Forward earnings yields are a key metric for the valuation of an equity market. Helpfully, I/B/E/S and DataStream publish forward earnings forecasts of analysts on a market-wide index basis. Unfortunately, updates of these data are delayed by multiple lags. This can make them inaccurate and misleading in times of rapidly changing macroeconomic conditions. Indeed, there is strong empirical evidence that equity index price changes predict future forward earnings revisions significantly and for all of the world’s 25 most liquid local equity markets. This predictability can be used to enhance the precision of real-time earnings yield data and avoid misleading trading signals.

The post ties in with SRSV’s summary lecture on Macro Information Efficiency/ Fundamental Value.

The post is based on proprietary technical notes of Macrosynergy Partners and SRSV Ltd.

Market-wide equity earnings estimates and their publication lags

I/B/E/S global aggregates provide bottom-up company earnings forecasts and related data for country and major international equity indices. The data are based on predictions of equity analysts of various institutions.  Company level data presented on a 12-month-forward basis are calculated prior to aggregation. The 12 months are counted from the current date. They are effectively a weighted average of current fiscal year earnings and next fiscal year earnings, with the weights reflecting the number of months in the 12-month period falling into current and next fiscal year respectively. Data is also presented on an 18-month-forward basis, comprising the 12 month period starting in 6 months’ time.

Until 2006 I/B/E/S global aggregates had been updated only once per month, typically on the Tuesday following the 3rd Friday of the month based on snapshot taken on the Thursday before the 3rd Friday of every month at close of business in New York. In March, 2006 weekly-updated aggregates were introduced.

Weekly aggregate data are calculated every Thursday. The earnings data used in this calculation is as of the previous Thursday, however. Moreover, after calculation data are only being made available on Datastream by the following Wednesday (by close of business). This procedure implies that the minimum delay between updated earnings forecasts and their publication is 13 calendar days or 9 working days. The actual delay between analyst earnings revisions and publication on an index basis should be longer for two reasons. First, data are not updated for 4 days subsequent to the release weekly. Second, analysts themselves cannot update forecasts continuously and the publication of their numbers naturally comes with a delay. All considered, the effective average updating delay of new information is probably between 3 and 6 weeks, depending on circumstances. And a lot can happen in equity markets over 3-6 weeks.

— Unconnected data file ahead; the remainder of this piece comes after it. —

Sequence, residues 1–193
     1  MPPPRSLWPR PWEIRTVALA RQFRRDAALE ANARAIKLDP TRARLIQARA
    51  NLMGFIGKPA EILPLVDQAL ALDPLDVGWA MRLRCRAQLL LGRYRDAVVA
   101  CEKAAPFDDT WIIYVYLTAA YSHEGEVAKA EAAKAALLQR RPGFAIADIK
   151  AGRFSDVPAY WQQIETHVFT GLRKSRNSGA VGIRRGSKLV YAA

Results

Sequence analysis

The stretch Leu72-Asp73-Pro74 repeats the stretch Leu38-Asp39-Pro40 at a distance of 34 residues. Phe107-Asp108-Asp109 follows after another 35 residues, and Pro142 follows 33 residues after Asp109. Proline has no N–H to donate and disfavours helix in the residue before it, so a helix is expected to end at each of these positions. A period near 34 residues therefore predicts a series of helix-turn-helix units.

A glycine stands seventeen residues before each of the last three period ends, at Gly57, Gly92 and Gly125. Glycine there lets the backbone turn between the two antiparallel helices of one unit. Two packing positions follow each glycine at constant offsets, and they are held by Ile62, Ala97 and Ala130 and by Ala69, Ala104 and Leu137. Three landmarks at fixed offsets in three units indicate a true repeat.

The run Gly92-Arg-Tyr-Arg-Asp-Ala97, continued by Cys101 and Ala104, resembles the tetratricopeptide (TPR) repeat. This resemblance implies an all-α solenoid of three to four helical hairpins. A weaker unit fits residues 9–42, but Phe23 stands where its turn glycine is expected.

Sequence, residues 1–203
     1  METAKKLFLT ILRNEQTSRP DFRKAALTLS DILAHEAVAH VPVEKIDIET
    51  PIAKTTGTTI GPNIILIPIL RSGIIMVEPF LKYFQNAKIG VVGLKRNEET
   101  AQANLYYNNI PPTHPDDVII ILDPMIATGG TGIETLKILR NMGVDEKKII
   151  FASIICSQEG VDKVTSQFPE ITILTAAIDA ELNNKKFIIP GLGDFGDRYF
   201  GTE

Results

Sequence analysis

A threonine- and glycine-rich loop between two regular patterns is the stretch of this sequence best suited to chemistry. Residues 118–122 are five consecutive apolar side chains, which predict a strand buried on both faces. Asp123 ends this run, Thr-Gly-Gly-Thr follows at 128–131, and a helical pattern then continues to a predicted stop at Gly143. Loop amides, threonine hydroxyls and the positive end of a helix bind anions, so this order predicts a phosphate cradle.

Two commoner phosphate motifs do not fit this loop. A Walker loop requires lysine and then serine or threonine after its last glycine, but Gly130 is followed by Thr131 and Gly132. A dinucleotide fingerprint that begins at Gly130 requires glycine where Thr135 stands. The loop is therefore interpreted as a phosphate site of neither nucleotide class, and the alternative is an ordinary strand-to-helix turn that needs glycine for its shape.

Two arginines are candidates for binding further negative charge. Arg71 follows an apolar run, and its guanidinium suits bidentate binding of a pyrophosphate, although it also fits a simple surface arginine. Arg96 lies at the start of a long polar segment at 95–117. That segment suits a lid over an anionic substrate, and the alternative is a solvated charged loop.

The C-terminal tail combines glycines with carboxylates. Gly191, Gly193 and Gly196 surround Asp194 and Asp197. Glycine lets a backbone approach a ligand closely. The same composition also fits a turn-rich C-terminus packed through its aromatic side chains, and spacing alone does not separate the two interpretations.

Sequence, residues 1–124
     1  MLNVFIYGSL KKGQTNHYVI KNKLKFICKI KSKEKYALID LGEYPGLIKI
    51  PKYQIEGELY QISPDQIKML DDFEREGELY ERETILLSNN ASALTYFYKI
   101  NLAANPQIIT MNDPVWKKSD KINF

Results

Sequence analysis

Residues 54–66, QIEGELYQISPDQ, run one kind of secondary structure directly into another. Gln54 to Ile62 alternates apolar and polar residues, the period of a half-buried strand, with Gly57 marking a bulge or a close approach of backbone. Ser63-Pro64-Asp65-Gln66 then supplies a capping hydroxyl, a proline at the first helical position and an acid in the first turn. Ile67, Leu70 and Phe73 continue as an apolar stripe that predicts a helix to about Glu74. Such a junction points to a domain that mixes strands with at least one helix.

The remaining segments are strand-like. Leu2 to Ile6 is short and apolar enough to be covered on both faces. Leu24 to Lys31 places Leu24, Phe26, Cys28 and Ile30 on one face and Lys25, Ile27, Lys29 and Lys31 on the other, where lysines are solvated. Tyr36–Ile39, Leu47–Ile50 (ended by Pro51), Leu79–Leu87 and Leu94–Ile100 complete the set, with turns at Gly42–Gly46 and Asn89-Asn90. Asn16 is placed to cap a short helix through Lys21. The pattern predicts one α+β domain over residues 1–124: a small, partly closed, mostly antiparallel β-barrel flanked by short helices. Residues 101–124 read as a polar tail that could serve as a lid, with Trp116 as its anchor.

The predictability of market-wide earnings forecast revisions

Given the explicit and implicit delays explained above, it is implausible that any event over the 2-3 weeks prior to release of index-level forward earnings estimates could have had any impact on the released data. By contrast, market prices over this period do include the information of relevant changes over the lag period. Thus, it stands to reason that equity price changes between the lag period and a previous reference period contain information on forthcoming revisions to earnings estimates.

For the empirical analysis we investigate the predictive power of past equity index price changes with respect to earnings expectations revisions over the subsequent month. We conduct our analysis for a panel of 25 local-currency country equity indices, and a history from 2006 (beginning of weekly index earnings estimates) to 2018. For details of indices and the meaning of currency symbols see the annex below.

The equity index price increase is calculated as the percent change of the average equity index price of the last 3 weeks relative to the preceding three months, at a monthly rate. The price change horizon assumes that earnings predictions at the beginning of a 3-week lag period have been stale on average 1 1/2 months, which we consider a realistic assumption. We do, however, cross-check our result using an equity price increase of the last 2 weeks versus the previous 2 months, which would posit considerably better earnings update efficiency.

The empirical analysis confirms the predictive power of market changes on earnings revisions across the world. Since 2006 the relation between the past index price changes (% 3-week average over previous 3 months, monthly rate) and subsequent 1-month changes in forward earnings has been positive in all 25 countries of our panel.

An estimate of elasticity of future earnings-per-share revisions to index price changes can be derived from a global panel regression based on a simple pooling model. The estimate of the global average elasticity of forward EPS changes over the next month to past index price changes has been roughly 0.65, with very high significance. This means that for each 10% (monthly rate) decline in the index price, the forward EPS forecasts has on averaged been revised down by about 6.5%. Accounting for this expected change hence significantly mitigates short-term distortions of earnings yield estimates that arise from delayed updating of earnings estimates.